Rev Rul 90-11, 1990-1 CB 10 provides that when a publicly held corporation adopts a plan providing shareholders with rights to buy additional stock at less than fair market value to head off any unsolicited take-over attempt, it is termed a “poison pill” plan. Generally, a poison pill is a type of financial or structural maneuver that a company may make to frustrate an attempted takeover by a hostile bidder. An acquiring company will abandon its takeover and allow the target company to remain independent, if the poison pill is effective.
Poison pills have existed in various forms for many decades. They were viewed merely as anomalies in corporate finance. Poison pills typically discourage hostile takeovers by letting companies sell large amounts of stock to existing shareholders at cheap prices. The hostile bidder is not allowed to purchase any of the new stock. His/her holdings in the takeover target become diluted and are worth less.
The most common type of poison pill is the shareholder rights, or “flip-over” plan. It allows a company facing an unwelcome bid to declare a special stock dividend consisting of rights to purchase additional, new shares. In order to make a suitor company spend substantially more to acquire control, the price to these rights is purposely set far above market value. The company may redeem the rights after the bid has been abandoned.
The shareholder rights may be transferred or “flipped over” to the successor firm, if the takeover bid is successful. These rights entitle the shareholders to purchase shares in the surviving firm at a discount of as much as 50 percent. This causes tremendous dilution of the surviving firm.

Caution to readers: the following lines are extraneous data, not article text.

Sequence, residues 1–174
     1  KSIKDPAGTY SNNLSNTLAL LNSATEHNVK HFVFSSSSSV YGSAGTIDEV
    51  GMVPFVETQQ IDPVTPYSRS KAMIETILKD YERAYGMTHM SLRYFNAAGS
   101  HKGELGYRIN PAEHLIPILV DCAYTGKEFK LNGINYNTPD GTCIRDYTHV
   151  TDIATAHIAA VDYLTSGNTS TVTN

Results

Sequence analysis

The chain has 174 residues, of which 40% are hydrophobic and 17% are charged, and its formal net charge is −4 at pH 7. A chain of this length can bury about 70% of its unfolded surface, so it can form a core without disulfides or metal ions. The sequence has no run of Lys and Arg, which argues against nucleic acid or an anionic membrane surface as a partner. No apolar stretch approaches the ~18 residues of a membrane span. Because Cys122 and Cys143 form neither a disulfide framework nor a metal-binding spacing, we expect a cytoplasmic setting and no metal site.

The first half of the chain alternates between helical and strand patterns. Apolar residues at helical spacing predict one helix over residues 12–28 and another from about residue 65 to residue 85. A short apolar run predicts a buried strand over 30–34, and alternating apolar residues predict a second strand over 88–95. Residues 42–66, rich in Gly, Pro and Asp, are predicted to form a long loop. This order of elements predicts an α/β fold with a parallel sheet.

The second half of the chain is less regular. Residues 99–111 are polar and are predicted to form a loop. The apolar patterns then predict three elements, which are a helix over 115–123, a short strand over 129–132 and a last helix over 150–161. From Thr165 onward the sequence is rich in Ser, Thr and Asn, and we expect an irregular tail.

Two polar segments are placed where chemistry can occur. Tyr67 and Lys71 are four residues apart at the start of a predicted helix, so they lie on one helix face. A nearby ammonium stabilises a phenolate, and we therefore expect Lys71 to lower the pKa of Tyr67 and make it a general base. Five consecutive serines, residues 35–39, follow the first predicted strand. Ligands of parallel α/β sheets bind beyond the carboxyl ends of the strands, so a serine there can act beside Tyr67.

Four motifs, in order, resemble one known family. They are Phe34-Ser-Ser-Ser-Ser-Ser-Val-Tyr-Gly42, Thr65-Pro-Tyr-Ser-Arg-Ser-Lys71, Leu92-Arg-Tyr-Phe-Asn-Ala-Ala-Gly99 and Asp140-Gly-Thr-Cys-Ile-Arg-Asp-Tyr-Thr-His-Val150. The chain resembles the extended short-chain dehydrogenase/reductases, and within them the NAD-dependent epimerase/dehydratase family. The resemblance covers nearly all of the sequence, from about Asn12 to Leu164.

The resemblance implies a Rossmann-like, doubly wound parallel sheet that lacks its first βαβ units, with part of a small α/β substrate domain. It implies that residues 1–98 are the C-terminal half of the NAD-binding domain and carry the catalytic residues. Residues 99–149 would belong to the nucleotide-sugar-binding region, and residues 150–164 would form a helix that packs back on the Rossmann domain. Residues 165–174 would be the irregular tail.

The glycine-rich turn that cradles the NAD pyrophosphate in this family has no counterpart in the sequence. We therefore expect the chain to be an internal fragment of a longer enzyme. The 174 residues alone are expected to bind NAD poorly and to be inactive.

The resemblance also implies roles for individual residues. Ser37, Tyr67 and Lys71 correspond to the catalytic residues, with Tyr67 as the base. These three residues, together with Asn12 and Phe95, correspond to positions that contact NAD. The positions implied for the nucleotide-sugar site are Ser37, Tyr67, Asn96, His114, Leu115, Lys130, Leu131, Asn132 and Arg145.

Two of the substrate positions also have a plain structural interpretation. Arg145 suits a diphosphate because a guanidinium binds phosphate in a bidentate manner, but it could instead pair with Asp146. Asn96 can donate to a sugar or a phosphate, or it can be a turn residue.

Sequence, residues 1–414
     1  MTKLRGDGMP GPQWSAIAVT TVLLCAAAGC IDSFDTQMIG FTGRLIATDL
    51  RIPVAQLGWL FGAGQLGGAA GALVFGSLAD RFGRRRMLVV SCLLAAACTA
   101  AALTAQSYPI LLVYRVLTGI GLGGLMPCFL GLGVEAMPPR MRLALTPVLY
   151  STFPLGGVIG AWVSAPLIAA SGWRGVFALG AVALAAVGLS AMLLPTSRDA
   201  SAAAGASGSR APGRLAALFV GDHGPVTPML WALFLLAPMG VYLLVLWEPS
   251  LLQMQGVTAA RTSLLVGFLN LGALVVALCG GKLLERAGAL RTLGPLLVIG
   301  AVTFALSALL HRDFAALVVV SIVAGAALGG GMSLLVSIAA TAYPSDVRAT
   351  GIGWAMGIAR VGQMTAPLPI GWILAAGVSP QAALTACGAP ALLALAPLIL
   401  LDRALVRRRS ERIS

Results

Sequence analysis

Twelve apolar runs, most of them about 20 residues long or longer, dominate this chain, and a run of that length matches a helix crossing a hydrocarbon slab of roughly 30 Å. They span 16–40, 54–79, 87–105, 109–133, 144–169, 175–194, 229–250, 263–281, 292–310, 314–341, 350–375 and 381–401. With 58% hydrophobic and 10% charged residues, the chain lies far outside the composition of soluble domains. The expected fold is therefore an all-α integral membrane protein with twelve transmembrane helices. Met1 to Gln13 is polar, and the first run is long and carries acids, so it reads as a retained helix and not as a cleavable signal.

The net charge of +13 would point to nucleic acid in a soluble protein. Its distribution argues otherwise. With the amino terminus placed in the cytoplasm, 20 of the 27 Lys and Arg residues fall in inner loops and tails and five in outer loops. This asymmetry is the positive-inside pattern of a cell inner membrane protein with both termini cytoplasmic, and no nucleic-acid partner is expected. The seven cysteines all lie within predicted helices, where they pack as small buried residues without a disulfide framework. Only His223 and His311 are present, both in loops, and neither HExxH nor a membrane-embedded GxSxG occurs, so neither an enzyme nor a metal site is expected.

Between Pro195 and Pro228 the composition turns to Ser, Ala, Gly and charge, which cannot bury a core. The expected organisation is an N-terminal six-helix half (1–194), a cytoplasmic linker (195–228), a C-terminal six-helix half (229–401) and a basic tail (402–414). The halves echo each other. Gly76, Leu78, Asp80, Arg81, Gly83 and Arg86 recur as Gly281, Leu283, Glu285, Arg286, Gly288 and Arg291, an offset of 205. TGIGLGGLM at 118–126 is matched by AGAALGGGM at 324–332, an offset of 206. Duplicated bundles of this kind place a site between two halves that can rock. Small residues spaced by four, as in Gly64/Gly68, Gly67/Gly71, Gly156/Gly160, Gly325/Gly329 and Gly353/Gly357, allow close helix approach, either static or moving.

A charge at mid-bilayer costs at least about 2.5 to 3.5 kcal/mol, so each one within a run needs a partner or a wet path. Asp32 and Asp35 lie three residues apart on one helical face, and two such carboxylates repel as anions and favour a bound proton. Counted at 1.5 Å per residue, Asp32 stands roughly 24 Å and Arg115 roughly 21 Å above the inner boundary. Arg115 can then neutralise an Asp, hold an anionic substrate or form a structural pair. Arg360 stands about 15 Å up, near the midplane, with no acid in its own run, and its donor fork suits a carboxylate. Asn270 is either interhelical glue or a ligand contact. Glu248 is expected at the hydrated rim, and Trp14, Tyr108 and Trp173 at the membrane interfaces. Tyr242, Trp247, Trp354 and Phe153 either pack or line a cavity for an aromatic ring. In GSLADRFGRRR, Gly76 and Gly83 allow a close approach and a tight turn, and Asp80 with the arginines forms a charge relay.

The “flip-in” plan is a variation of the flip-over plan. It hastens the exit of a suitor with a substantial minority of shares, without affecting a merger. The flip-in offers the company rights to buy additional discounted shares in the target.
Poison pill plans enable a company to thwart everyone except the most determined and deep-pocketed suitors. It allows shareholders to benefit greatly if the suitor succeeds. Moreover, no poison pill or any other type of defense is ever meant to be used. Poison pills indicate to the financial community that the companies using them suffer from some financial or structural weakness and are ready for some form of merger.
Another type of poison pill is “deadhand” poison pill. Dead-hand poison pills can be redeemed only by the incumbent board of directors. Such a plan is designed to keep the existing board and current management in place, at the expense of existing shareholders or in opposition to a majority of shareholders. It eliminates shareholders’ ability to act by written consent. A variation on the dead-hand poison pill is the no-hand poison pill. It cannot be altered for at least one year or some specified time.